When Bel-Air Bowl relocated from the corner of North 17th Street and North Belt West in 2007, the city of Belleville was concerned about what would fill the vacant space left at such a prominent intersection. During the nearly six years that the building has been vacant, city officials have discussed several potential projects with developers, but, unfortunately, nothing came to fruition.
Then late in 2012, Ruler Foods, a division of Kroger, came to the city with a potential project.
Ruler Foods identified several potential locations throughout the region and they are looking for the site that is the best fit for their business model. The North Belt West site is their first choice. However, if the project falls through, there are other potential sites outside of our community at which they will build stores. The ability to use TIF money to help the project move forward will make this site more competitive when they make their final decision as to which sites to locate their stores.
During this economic recovery, more and more businesses are in need of assistance to make projects happen. This is happening all across the country so Belleville must do what it can to remain competitive in attracting new business. This is particularly true given the fact that we do not have an interstate running through our city, which, for many national companies, is a high priority in the site selection process.
Some people say that this store will hurt our existing businesses. Others say competition is a good thing. Arguments could be made on both sides. However, if Ruler Foods abandons this site and locates just outside of the city limits, any potentially negative effects of competition will still affect Belleville businesses, which would be doubly bad for our tax revenue.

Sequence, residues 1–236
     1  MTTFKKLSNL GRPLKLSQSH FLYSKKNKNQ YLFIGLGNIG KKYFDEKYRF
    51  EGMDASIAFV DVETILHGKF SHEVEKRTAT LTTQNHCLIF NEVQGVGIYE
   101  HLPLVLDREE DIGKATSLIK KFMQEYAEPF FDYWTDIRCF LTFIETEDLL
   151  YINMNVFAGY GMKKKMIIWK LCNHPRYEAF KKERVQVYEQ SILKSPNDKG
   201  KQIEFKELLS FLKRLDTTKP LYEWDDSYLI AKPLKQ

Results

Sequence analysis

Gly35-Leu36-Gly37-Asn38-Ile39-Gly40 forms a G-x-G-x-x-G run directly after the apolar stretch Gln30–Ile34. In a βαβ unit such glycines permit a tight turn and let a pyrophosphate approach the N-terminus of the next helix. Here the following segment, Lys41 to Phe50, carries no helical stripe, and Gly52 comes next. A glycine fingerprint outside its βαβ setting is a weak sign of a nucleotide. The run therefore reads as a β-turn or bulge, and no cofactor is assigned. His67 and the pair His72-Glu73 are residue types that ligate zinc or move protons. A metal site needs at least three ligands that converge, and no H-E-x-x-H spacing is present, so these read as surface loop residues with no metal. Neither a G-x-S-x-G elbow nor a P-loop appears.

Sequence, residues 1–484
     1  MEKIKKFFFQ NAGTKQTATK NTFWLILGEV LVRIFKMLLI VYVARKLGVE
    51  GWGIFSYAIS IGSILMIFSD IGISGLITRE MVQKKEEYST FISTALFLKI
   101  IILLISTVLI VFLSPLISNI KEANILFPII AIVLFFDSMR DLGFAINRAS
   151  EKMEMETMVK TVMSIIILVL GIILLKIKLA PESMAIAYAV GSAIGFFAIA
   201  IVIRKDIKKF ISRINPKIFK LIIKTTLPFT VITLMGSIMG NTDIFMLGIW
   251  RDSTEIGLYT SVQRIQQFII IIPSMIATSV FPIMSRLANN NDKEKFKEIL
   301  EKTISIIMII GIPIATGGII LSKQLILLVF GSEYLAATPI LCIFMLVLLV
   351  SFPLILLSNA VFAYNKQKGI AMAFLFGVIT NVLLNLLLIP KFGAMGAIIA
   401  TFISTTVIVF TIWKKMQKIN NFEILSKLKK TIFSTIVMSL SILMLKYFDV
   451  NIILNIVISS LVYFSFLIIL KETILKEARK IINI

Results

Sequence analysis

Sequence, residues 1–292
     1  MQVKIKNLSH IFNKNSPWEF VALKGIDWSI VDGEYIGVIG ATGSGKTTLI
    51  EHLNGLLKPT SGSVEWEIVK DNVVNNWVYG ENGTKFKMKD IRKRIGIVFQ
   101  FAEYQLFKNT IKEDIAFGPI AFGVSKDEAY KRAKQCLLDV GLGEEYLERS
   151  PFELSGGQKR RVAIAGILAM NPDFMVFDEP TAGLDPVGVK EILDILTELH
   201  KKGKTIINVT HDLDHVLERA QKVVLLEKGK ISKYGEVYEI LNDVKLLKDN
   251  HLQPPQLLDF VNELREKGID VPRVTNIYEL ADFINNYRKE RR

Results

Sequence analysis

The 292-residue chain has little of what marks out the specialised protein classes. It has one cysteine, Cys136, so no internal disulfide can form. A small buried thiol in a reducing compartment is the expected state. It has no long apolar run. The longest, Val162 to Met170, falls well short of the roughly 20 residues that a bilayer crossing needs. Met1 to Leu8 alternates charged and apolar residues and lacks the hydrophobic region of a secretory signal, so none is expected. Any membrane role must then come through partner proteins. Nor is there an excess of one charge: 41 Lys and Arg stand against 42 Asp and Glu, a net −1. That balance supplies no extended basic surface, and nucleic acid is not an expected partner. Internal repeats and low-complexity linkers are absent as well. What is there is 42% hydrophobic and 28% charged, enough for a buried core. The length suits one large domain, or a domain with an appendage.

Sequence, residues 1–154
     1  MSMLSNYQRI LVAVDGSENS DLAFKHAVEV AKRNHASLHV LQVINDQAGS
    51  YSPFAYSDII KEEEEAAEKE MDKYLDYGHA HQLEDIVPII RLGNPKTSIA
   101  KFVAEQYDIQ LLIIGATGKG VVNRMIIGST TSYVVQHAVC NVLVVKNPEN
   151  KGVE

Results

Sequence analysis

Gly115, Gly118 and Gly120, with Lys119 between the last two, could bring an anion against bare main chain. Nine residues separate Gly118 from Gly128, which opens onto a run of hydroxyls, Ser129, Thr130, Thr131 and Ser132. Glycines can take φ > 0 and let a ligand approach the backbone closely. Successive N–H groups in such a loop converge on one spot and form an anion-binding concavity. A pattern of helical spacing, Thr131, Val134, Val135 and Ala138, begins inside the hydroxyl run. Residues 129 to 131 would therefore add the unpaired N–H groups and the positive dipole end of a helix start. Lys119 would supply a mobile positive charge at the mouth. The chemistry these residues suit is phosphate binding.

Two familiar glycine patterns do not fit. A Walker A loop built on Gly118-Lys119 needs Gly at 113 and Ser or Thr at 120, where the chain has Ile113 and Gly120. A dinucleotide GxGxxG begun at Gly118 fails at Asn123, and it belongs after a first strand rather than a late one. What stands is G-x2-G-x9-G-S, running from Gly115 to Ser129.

This administration recognizes the desire for a grocery store on the south side of town. However, after doing its research, as all good companies do, Ruler Foods chose this site as the best fit. We are pleased and excited that they recognize Belleville's potential as a good place to do business. They also recognize there will be competition and that competition is a good thing.
Ruler Foods is willing to invest more than $3 million in a site that has been vacant for nearly six years. The project is expected to generate $6.5 million in sales per year (which would put $75,000 per year into the city's General Fund), create 12 full-time equivalent jobs, and generate more than $30,000 in incremental property taxes annually. Those incremental property taxes will go into the TIF fund and can be used for infrastructure improvements, etc.
When the city negotiates a development agreement for incentives, typically the city strives to participate at a level of 5 percent to 7 percent of the total project cost. The Ruler Foods project comes in at 6.6 percent. The total project cost is estimated at more than $3 million. Ruler Foods requested $200,000 to assist in demolition of the existing building and other site improvements, all of which are eligible under the TIF statute.
Opposition to TIF is a philosophical debate that needs to be focused on the state legislature, which created the program. Some say that city money should not be used to attract or retain business. Whether you agree or not, TIF is the primary economic development tool that the state of Illinois has given cities to use.
Belleville is simply using the tools at our disposal to grow our community in a competitive manner within the region.
The city has been criticized for its use of incentives. Yet, it has also been criticized for not doing enough to further economic development. How, then, do we spur economic growth and become more attractive to businesses without using the tools available to us?
Ruler Foods is a good project for Belleville and is a good use of TIF money.
Mark W. Eckert is mayor of Belleville.